2.3. Laboratory experiment

2.3.1. Physicochemical analysis Titrable acidity

Titrable acidity (as percentage (w/w) tartaric acid) was determined according to the Association of Analytical Chemists’ method [11]. Acidity was evaluated by the alkali‐potentiometric method using a 0.1‐N sodium hydroxide solution in the presence of 0.4% bromothymol blue used as an indicator. Total polyphenols

Total polyphenols were assayed by calorimeter using the Folin‐Dennis Ciocalteau reagent as described by Mangas et al. [12], and the results were expressed as mg/l of gallic acid. Total ethanol

Total ethanol content was preceded by a Spectrophotometric micro‐method for the determination of ethanol after distillation of beer that was made alkaline by a suspension of calcium hydroxide [13]. Specific density at 15°C

Specific density at 15°C was evaluated as described by Nanda et al. [14]. The specific gravity determination was done as follows: 20 ml of sample was poured into the specific gravity test tube to overflow, then the stopper was inserted, and the whole was incubated in water bath at 200°C for 30 minutes. The test tube was removed from the water bath, wiped, and then weighed. Thereafter, the sample was boiled. The specific gravity was calculated as the ratio of weight of ash over the weight of fresh sample time 100. Volatile acidity

The volatile acidity was determined using the Mathieu method by titration of the volatile acids separated from wine by steam distillation and titration of the distillate [15].

2.3.2. Microbial analysis

Around 10 ml of “red kapsiki” samples from each site was mixed with 90‐ml sterile peptone physiological saline solution (1 g Peptone, 8.5 g NaCl, and 1000‐ml distilled water). Decimal dilutions were prepared up to 106 from initial sample as described by Loyer and Hamilton [16]. All enumeration in solid media was carried out in triplicate, and the plates containing between 33 and 333 colonies were considered. The enumeration in liquid media was evaluated according to deMan most probable number. Total aerobic mesophilic bacteria

Total aerobic mesophilic bacteria were enumerated on Plate Count Agar (PCA‐OXOID) supplemented with cycloheximide 0.5% [17]. The plates were incubated at 28°C for 48–72 hours. Total coliforms and Escherichia coli

Total coliforms and Escherichia coli were accessed on Bubble Lactose Bile with Brilliant green (BLBVB‐ DIFCO). The tubes containing the Durham bells were incubated at 30°C during 24–48 hours. The positives tubes were used to inoculate another test tube containing water peptone without indole and were incubated at 44°C for 24 hours for E. coli determination, which was revealed using Kovac’s reagent [18]. Streptococcus

Fecal Streptococcus was enumerated on Slant Agar (SL‐Merck) supplemented with cycloheximide at 0.5% after 48 hours of incubation at 37°C [19]. Salmonella and Shigella, yeasts and molds, sulfite-reducing

  • Salmonella and Shigella were analyzed as described by Ribot et al. [20].

  • Yeasts and molds were enumerated on PDA‐Chloramphenicol (200 g potatoes extract, 10 g peptone, 20 g glucose, 15 g agar, 0.5 g chloramphenicol, and 1000 ml distilled water, pH was adjusted to 5.2) after 48–72 hours of incubation at 30°C [18].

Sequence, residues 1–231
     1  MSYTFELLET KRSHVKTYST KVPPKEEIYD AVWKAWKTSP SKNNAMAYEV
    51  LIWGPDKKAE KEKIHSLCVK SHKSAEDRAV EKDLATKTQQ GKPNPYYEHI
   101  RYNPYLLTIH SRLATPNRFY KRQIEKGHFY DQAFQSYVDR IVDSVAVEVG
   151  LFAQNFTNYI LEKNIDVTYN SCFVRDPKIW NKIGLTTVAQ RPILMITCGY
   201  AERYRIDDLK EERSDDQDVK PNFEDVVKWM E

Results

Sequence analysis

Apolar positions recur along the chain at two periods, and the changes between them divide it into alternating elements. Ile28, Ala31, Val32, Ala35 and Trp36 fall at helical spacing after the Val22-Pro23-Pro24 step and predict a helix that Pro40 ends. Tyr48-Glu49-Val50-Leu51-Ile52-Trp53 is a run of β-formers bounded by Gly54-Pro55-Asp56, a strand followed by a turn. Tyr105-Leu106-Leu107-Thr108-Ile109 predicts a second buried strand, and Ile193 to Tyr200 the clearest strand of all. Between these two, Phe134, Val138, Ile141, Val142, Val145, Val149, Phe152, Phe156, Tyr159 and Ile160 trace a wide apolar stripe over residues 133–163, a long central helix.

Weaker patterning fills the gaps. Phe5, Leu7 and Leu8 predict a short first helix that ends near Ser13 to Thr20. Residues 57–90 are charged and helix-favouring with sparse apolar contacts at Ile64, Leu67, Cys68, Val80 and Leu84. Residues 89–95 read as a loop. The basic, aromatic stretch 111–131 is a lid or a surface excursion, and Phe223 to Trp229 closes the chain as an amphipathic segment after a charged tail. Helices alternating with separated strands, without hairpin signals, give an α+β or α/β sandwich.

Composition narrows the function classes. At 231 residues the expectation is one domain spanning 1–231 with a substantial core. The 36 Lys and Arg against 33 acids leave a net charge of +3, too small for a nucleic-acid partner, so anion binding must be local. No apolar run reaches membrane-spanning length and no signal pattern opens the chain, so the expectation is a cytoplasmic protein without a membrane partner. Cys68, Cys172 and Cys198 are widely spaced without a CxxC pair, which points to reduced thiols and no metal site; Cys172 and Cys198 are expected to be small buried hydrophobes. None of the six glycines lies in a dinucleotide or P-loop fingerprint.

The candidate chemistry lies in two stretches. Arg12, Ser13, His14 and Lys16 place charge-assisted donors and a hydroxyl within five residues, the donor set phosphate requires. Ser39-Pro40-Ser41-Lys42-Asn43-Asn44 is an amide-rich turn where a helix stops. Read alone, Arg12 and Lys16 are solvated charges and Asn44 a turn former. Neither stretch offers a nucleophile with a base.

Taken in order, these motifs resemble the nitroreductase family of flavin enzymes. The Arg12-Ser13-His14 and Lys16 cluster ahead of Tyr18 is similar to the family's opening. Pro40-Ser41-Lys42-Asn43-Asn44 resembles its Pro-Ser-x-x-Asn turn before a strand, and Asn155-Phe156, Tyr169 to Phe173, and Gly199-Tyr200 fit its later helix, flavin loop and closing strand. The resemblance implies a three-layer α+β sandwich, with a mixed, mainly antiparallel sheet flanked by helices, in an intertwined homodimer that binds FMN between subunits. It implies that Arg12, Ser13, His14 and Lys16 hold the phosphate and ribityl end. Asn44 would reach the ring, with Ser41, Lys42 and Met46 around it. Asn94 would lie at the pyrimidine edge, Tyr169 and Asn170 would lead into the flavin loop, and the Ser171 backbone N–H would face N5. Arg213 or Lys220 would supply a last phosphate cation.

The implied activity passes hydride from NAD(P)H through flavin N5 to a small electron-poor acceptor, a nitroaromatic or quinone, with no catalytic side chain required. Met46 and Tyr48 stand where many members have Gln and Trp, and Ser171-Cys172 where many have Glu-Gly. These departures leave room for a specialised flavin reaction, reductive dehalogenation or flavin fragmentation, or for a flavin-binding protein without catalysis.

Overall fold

• Enumeration of sulfite-reducing clostridia was done according to Mossel [21] method in anaerobic jar. Total spore‐forming bacteria

Total spore‐forming bacteria were evaluated on GPB agar medium (10‐g peptone, 2‐g starch, 5‐g glucose, 15‐g agar, 40‐mg bromocresol purple, and 1000‐ml distilled water) after 10 minutes of pre‐heating of the samples at 80°C [22]. Colony counts were performed after 48 hours of incubation at 35°C.

2.4. Statistical analysis

Comparison of the means was performed by the ANOVA associated with Tukey’s honest significant difference (HSD) test to discriminate significantly different pairs of means values. Means values were considered statistically different at P ≤ 0.05 significance level.


3. Results and discussion

3.1. Traditional processing of the “red kapsiki”

Sorghum beer is generally made from grain and water, sometimes a gelatinous or mucilaginous agent [23]. In Cameroon, most of non‐Islamized ethnic groups process it even in different forms. The obtained beer is named according to ethnic groups and countries. Names of beer are as follows: “Tchoukoutou” in Togo and Benin, “Pito” and “Burukutu” in Ghana and Nigeria, “Dolo” in Burkina‐Faso, “Tchapalo” in Ivory Coast, “Busaa” and “Bushera” in Kenya, “Ikigage” in Rwanda, Kaffir in South Africa, “Mahewu” in Zimbabwe, “Malwa” in Uganda, “Munkoyo” in DR Congo, and “Bili‐Bili” in Cameroon. Figure 1 describes the traditional processing of “red kapsiki” beer which commonly includes the following:

Figure 1.

Technological diagram of homemade “red kapsiki” beer.

3.1.1. Malting

In the case of “red kapsiki,” as most of beers, the process production starts by the selection of grains. The “red kapsiki” being a noble beer, only good quality grains are considered. Mostly, the sorghum variety “mouskwari” is selected for the “red kapsiki” production. However, in raining season, “Djigari” variety can also be chosen. Quenching

After being washed, the grains are immersed in water for 12–24 hours so as to obtain a moisture content of 35–40% for germination. The temperature of water is very important: at high temperature, the quenching is rapid. The immersion temperature is close to that of room temperature (around 40–45°C in the region). The grains are first drained on tissue and then stabled in double layer on cotton cloth bags or on woven mats. Germination

The soft grains are covered and placed in dark area for 2–3 days for germination. Water is sprayed sometimes, when the ambient air is dry or when the temperature is hot. Alternatively, the grains are left on the ground and sprayed until the germination process starts and rootlets appear. The high temperature facilitates the beginning of germination. In this case, the germination time can last for 4 days. It should be noted that the same technique is used at the household level to improve the energy density of slurries [24]. During germination, amylolytic enzymes are produced and protein digestibility of sorghum, which is generally low, is improved [25]. It was also demonstrated that after 3 days of malting, there was production of amylolytic enzymes, including α‐amylase, β‐amylase, and dextrinase, which are all essential for good quality of malt [26]. Drying